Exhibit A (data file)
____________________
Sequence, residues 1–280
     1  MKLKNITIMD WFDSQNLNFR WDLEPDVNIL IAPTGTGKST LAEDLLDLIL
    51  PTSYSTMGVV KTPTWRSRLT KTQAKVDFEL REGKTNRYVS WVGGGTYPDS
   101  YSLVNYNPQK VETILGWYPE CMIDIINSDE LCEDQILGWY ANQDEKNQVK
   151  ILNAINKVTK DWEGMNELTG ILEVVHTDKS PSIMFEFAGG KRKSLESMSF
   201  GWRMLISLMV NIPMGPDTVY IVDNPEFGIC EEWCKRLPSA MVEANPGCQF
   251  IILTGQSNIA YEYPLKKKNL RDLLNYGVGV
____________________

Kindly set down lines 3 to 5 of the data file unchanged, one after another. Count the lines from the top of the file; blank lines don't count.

    51  PTSYSTMGVV KTPTWRSRLT KTQAKVDFEL REGKTNRYVS WVGGGTYPDS
   101  YSLVNYNPQK VETILGWYPE CMIDIINSDE LCEDQILGWY ANQDEKNQVK
   151  ILNAINKVTK DWEGMNELTG ILEVVHTDKS PSIMFEFAGG KRKSLESMSF